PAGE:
While he was content with Antique Glow, Stoltz was miserable by the end of 2001. “I was finished and proud of it, but all I had to show for it was 89 records [after selling or giving some away],” he says. “Now I've got to make phone calls and try to make it work, and I don't want to do any of it, so I would go down to the studio and try to record new stuff instead.” Alas, the material sounded crappy. Hoping to break out of his rut, Stoltz attempted recording “Going Up,” the first song off Echo & the Bunnymen's 1980 LP Crocodiles. He had so much fun that he tried the second and then the third tracks from the record. That's when the light bulb went on over his head. Inspired by his pal Mike Fornatale, who had composed his own version of Moby Grape and Jefferson Airplane albums for friends, Stoltz decided to record all of Crocodiles.
One of the resultant copies (called Crockodials) made it into the hands of Nick Tangborn, owner of the Jackpine Social Club label (which has released albums by locals Sonny Smith, Oranger, and Jesse DeNatale). At the 2002 South by Southwest music festival, Tangborn passed a disc to former Pavement member Scott Kannenberg, who is also a huge Echo & the Bunnymen fan. Kannenberg was so excited that he offered to fly down from his Seattle home to re-create the album live.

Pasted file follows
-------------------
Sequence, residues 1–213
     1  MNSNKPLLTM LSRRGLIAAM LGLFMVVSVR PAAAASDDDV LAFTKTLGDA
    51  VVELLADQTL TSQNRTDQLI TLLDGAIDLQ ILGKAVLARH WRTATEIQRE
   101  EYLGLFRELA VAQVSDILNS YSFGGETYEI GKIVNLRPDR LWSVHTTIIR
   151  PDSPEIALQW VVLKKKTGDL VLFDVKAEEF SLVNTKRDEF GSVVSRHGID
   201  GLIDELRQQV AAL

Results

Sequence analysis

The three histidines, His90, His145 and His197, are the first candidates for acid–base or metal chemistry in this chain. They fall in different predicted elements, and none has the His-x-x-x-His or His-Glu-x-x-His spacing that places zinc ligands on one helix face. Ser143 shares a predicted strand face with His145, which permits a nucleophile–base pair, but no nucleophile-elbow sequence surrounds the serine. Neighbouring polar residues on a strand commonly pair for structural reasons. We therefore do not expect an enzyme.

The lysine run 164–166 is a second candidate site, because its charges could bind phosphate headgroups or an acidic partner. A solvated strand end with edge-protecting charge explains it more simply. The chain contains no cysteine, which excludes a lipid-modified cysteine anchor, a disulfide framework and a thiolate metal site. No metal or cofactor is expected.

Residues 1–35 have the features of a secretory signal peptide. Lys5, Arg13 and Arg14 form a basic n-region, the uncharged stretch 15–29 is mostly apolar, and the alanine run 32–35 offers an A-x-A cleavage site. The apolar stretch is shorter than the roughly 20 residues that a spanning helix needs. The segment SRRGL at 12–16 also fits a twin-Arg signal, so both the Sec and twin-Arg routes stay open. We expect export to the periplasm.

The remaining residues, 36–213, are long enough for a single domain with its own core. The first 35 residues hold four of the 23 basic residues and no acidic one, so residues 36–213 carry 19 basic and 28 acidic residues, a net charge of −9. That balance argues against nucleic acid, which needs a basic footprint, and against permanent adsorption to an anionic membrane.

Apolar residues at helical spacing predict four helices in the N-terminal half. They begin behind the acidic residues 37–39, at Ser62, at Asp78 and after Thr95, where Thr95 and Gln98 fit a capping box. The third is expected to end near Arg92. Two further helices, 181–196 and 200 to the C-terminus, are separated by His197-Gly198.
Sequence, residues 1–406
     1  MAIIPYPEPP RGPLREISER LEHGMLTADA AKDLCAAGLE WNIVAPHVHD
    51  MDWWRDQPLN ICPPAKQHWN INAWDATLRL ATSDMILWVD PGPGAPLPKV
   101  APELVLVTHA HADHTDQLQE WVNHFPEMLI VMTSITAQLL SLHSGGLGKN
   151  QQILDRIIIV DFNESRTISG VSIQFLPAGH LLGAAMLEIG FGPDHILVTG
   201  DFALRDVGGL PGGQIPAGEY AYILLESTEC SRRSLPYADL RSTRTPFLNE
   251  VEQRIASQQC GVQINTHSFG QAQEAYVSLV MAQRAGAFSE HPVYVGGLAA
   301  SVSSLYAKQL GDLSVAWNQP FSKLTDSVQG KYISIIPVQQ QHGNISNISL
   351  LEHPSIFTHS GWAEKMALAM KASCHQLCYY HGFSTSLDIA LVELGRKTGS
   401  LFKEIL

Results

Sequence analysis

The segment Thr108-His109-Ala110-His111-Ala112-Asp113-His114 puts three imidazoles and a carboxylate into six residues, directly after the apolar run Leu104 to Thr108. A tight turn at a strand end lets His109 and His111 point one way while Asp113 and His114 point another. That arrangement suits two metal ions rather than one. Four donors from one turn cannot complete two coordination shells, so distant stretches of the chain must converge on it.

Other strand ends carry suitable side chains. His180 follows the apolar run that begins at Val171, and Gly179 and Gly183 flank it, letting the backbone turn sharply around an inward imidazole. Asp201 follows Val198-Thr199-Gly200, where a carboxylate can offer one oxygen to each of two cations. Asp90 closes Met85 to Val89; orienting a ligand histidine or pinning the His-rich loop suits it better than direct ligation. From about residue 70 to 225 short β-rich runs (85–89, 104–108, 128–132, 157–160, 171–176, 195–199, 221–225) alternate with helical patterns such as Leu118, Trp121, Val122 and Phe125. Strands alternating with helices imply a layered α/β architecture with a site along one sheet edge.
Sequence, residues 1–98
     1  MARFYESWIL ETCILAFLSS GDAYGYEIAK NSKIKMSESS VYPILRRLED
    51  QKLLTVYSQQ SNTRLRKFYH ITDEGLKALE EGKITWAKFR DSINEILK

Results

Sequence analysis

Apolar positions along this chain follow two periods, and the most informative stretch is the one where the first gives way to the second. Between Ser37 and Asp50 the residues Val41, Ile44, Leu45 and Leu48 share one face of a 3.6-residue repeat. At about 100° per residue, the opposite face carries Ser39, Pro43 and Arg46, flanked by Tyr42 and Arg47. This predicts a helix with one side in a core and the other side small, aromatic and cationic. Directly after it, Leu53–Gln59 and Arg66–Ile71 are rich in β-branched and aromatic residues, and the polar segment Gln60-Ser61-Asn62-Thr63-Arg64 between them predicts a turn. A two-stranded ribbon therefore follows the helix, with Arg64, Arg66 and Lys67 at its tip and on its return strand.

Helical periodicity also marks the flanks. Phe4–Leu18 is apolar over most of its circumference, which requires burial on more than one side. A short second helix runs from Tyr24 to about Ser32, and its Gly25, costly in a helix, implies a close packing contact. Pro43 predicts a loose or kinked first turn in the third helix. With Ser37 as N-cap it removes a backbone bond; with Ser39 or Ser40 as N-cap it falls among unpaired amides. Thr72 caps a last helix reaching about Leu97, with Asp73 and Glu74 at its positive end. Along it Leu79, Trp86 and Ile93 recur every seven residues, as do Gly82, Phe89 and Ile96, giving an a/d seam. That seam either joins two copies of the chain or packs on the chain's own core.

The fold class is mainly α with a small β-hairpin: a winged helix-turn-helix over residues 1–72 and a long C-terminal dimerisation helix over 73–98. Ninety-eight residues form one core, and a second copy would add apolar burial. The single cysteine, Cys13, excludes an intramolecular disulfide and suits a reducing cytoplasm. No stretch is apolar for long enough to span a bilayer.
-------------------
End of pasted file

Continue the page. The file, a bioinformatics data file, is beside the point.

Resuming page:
In May and June of this year, the duo — augmented by bassist Shayde Sartin, keyboardist Shana Kingsley, and drummer Jon Weiss — performed Crocodiles to sellout crowds at the Hemlock Tavern and the Make-Out Room. “Performed,” of course, doesn't quite do the extravaganza justice. There was a smoke machine working overtime, specialized lighting beaming down, and cigarettes that dangled at just the right angle. Stoltz brought out his old British accent and between-song banter culled from 40-odd live bootlegs. And the music, well, let's just say there were more goose bumps than at a petting zoo.
“I wanted to make sure it was just right,” says Stoltz, “so that the three people out there who were just as nuts as me, and maybe had the same bootlegs, would say, 'What?!'”
The shows seemed to have the desired effect. This year's CMJ Music Marathon in New York has requested that the band repeat its performance, even going so far as to move its scheduling around so the real members of Echo & the Bunnymen (who are also performing that night) can attend the show if they like.
So Stoltz has come full circle. The Detroit teen aping his hero in his mirror now gets to play him for large crowds — which just might include the hero himself. But, even more important, Stoltz can also perform his own originals at the festival, thanks to the official release of Antique Glow on Jackpine Social Club last month. Now, perhaps some star-struck kid will go home and begin striking Kelley Stoltz poses.